• Any other suitable manner

Some podcasts may have a standalone segment within an episode that may feature:

  • A monologue
  • An interview
  • Any other suitable standalone segment
  • That standalone segment could be trimmed as a new episode and included to be selected with the other episodes.

    Blacklisted Content

    Episodes that are deemed too long in duration could be blacklisted or deemed not suitable for selection as a candidate episode.

    An episode that contains adult-oriented content may be blacklisted from being presented to a user during daytime hours based on parental controls.

    An episode containing a particular type of content may be blacklisted from being presented to a user during weekdays based on user preferences (e.g., particular topics for presentation on the weekdays as opposed to particular topics for presentation on the weekends).

    Ranking of Candidate Episodes

    Ranking can be based upon:

  • Popularity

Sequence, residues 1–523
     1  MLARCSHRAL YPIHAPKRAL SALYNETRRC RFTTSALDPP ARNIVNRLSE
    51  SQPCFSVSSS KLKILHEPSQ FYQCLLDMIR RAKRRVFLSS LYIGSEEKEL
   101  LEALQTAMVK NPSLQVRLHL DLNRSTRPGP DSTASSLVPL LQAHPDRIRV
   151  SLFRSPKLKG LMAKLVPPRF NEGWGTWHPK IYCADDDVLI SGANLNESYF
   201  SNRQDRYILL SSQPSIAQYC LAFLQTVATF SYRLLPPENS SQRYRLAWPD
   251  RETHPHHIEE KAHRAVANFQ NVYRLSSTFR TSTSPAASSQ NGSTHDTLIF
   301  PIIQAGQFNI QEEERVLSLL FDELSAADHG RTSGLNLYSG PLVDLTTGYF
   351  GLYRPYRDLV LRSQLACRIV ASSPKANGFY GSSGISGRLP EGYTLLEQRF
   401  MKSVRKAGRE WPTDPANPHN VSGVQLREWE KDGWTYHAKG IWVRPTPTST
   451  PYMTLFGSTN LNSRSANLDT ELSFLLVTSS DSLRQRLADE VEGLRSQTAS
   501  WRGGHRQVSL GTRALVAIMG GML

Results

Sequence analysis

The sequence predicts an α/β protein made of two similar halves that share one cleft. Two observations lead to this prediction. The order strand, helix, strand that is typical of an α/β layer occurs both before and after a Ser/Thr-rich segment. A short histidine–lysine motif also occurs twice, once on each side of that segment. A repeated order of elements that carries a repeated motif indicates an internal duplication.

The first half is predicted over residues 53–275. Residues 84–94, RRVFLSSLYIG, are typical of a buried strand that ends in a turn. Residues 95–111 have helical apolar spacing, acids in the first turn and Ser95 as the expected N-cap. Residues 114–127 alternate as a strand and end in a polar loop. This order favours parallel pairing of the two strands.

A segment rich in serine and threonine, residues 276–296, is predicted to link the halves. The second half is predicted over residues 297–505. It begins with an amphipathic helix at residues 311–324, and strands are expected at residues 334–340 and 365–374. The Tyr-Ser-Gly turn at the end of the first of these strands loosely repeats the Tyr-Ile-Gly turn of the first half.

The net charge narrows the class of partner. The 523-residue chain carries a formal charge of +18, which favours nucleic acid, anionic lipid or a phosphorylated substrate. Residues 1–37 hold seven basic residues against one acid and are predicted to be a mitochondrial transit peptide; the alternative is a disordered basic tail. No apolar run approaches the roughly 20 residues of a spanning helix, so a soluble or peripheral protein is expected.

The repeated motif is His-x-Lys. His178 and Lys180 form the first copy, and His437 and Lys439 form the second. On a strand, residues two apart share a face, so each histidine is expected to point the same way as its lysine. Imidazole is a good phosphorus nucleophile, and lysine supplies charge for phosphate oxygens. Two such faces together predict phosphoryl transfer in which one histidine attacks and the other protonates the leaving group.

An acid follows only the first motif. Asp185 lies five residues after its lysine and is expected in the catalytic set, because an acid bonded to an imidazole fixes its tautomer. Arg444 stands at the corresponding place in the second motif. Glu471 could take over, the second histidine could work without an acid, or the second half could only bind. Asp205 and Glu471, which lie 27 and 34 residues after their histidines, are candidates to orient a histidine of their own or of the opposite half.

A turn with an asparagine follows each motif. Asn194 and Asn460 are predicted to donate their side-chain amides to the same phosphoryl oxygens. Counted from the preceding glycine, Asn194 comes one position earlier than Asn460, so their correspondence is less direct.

• Likelihood of enjoyment
  • Previous listening history
  • Relevance to previously listen to content
  • Audio quality
  • Reviewed by human evaluators

The patent tells us that this process can rank the subset of the candidate episodes in any suitable manner and based on any suitable information.

It can be based on a popularity metric associated with a show corresponding to each episode and/or based on a popularity metric associated with the episode.

That popularity metric may also be based on any suitable information or combination of information, such as:

  • A number of subscriptions to the show
  • A number of times a show and/or an episode has been downloaded to a user device
  • A number of times links to a show have been shared (e.g., on a social networking service, and/or in any other suitable manner)
  • Any other suitable information indicating popularity.

This process can also rank the subset of the candidate episodes based on a likelihood that a particular user of a user device will enjoy the episode.